Cannabis policy reform seems to be sweeping across the United States, as Alaska and Oregon have recently joined Colorado and Washington as states in which voters approved measures to legalize the recreational use and retail sale of marijuana. There are also efforts mobilizing in many other states to place legalization initiatives on the 2016 ballot. While all of this is happening, many people have been left questioning whether legalization will encourage marijuana use, especially in young Americans.
According to the 2014 Harvard Public Opinion Project, legalization does not encourage marijuana use. Nearly nine out of ten participants (88%) who have not used marijuana recently responded that they are not likely to change behavior if it is legalized. This means that legalization is not a driving factor in a young American’s decision to use marijuana.
The Harvard Public Opinion Project has been collecting information and tracking participants’ views toward politics and public service since the year 2000. All participants are between the ages of 18 and 29. Inspired by the recent politics, the project’s 14th year contained more questions about marijuana than ever before.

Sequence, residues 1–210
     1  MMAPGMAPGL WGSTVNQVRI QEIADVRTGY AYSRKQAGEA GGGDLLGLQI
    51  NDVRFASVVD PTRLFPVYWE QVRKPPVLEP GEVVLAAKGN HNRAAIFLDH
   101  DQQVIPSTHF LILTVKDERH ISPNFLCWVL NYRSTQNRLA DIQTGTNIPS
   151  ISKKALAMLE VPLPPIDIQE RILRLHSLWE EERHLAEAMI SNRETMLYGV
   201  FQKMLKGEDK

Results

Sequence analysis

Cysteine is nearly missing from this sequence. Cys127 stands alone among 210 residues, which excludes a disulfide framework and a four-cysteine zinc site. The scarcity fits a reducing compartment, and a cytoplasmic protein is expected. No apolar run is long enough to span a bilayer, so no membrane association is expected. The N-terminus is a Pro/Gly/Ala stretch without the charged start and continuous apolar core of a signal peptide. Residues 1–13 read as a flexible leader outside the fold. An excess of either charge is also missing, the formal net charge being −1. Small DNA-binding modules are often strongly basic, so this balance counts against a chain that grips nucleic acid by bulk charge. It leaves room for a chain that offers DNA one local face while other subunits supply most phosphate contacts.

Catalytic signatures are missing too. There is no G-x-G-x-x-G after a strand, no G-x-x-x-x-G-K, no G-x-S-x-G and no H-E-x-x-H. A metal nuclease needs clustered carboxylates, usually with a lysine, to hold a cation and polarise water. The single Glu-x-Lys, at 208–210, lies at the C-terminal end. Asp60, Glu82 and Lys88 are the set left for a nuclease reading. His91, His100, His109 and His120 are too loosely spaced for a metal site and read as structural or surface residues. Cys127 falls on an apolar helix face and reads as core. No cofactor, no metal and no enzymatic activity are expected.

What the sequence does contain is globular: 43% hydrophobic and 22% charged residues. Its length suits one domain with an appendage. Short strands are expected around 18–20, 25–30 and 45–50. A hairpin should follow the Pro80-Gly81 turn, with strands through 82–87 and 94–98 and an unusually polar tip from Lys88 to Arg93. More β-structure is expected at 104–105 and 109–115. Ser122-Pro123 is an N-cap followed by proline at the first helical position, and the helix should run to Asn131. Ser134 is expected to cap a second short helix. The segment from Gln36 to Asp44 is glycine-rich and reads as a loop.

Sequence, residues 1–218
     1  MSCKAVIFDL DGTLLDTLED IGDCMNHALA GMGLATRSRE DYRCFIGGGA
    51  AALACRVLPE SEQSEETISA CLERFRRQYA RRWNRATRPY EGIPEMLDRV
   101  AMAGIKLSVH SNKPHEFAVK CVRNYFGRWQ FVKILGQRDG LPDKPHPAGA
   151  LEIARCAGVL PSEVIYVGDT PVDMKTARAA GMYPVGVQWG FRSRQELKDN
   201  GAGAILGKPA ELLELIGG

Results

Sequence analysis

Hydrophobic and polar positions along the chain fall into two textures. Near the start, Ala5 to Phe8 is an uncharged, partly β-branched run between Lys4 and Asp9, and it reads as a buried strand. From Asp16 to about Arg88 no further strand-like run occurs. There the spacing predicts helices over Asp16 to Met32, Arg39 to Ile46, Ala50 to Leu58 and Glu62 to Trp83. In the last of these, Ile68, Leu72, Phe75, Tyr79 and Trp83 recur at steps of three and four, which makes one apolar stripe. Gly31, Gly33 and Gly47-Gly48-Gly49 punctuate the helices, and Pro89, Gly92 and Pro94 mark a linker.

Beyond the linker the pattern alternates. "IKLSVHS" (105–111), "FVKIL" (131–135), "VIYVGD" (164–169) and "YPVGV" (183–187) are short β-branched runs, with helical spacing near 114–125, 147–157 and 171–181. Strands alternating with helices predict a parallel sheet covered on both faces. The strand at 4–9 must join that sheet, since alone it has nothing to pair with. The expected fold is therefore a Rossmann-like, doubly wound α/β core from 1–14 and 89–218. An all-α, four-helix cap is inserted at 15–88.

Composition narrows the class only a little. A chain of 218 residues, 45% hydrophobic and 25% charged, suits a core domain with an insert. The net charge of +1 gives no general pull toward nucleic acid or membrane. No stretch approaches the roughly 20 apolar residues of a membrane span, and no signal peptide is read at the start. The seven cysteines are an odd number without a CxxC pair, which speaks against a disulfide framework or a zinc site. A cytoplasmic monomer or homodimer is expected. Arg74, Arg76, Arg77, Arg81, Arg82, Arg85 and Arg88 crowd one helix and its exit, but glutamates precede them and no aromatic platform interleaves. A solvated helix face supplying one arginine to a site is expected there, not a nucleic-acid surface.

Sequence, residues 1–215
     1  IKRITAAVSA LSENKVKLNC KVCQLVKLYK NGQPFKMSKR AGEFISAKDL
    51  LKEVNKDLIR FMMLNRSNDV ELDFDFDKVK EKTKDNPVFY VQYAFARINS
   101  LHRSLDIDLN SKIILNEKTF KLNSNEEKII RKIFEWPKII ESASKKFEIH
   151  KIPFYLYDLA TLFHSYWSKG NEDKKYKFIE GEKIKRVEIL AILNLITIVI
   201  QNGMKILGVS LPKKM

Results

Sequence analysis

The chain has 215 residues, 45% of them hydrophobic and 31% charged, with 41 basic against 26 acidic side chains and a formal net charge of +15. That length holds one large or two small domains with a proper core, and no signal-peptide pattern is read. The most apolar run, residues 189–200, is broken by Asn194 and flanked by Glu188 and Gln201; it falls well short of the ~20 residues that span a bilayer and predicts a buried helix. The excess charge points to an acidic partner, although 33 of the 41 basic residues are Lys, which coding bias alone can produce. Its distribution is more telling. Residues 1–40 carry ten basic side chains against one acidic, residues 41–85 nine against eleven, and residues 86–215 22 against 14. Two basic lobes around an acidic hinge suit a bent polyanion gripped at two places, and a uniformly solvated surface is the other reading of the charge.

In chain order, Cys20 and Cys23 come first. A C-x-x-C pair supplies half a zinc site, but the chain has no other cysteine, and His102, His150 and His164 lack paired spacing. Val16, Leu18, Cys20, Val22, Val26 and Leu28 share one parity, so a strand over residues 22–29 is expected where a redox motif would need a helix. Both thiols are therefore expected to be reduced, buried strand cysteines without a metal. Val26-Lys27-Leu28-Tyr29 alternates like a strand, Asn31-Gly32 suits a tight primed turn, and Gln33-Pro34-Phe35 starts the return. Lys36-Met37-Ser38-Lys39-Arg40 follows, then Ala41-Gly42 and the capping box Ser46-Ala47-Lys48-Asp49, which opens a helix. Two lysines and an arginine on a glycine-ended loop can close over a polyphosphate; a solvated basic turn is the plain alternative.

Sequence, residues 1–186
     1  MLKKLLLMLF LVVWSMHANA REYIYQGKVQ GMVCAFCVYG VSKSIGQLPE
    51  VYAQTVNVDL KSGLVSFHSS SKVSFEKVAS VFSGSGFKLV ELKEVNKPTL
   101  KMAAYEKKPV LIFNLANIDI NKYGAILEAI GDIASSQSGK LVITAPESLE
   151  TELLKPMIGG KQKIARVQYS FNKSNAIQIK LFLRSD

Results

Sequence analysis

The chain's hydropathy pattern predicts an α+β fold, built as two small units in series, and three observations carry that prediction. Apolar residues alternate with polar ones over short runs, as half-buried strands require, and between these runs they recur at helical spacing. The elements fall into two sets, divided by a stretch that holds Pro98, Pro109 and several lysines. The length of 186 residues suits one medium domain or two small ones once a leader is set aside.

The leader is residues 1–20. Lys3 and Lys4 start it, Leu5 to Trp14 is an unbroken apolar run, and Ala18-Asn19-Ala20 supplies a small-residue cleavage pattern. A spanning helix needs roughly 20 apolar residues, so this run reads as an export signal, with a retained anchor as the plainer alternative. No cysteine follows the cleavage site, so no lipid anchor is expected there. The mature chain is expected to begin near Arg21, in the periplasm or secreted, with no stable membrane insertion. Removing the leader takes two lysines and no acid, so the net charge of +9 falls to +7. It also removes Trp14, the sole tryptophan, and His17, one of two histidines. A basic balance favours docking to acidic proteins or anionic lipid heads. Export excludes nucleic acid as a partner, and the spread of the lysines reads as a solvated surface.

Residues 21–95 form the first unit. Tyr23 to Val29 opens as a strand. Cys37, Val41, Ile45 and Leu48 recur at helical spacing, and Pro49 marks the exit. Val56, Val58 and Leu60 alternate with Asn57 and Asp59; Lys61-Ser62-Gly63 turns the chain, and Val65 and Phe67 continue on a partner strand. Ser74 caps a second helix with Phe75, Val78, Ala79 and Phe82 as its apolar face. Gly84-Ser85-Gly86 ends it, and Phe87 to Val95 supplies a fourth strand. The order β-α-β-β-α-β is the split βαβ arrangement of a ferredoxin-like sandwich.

Only 10 percent of the survey participants reported having used cannabis recently. The wording categorized recently as “within the last few months.” Of those respondents, 88 percent support legalizing marijuana on a federal level. Even 37 percent of participants who have not used cannabis recently still support legalization. A sizable amount of respondents who have not used marijuana recently, 23 percent, were still on the fence or unsure about legalization.
Outside of this Harvard study, Gallup has acquired similar information about marijuana legalization support from voters of all ages. The graph below shows the evolution of marijuana legalization support from 1969, when support was only at about 12% through 2013, where support is up to 58%.
According to the Harvard study, the percent of people between the ages of 18 and 29 who support legalizing marijuana is lower than the national average. When each participant of the 2014 Harvard Public Opinion Project was asked whether “they support, oppose or are unsure about legalizing marijuana,” regardless of preference to use, 44 percent responded in support, which is 14 percent less than the national average according to the Gallup poll. Of that, 23 percent reported strongly supporting legalization. The percent of participants on the fence about marijuana legalization, regardless of preference to use, 22 percent reported being unsure or on the fence.
Although some of America’s youth may not yet have formed an opinion about legalization, one thing they are sure about is that whether or not the plant is legalized will not make a difference in the choice to use it.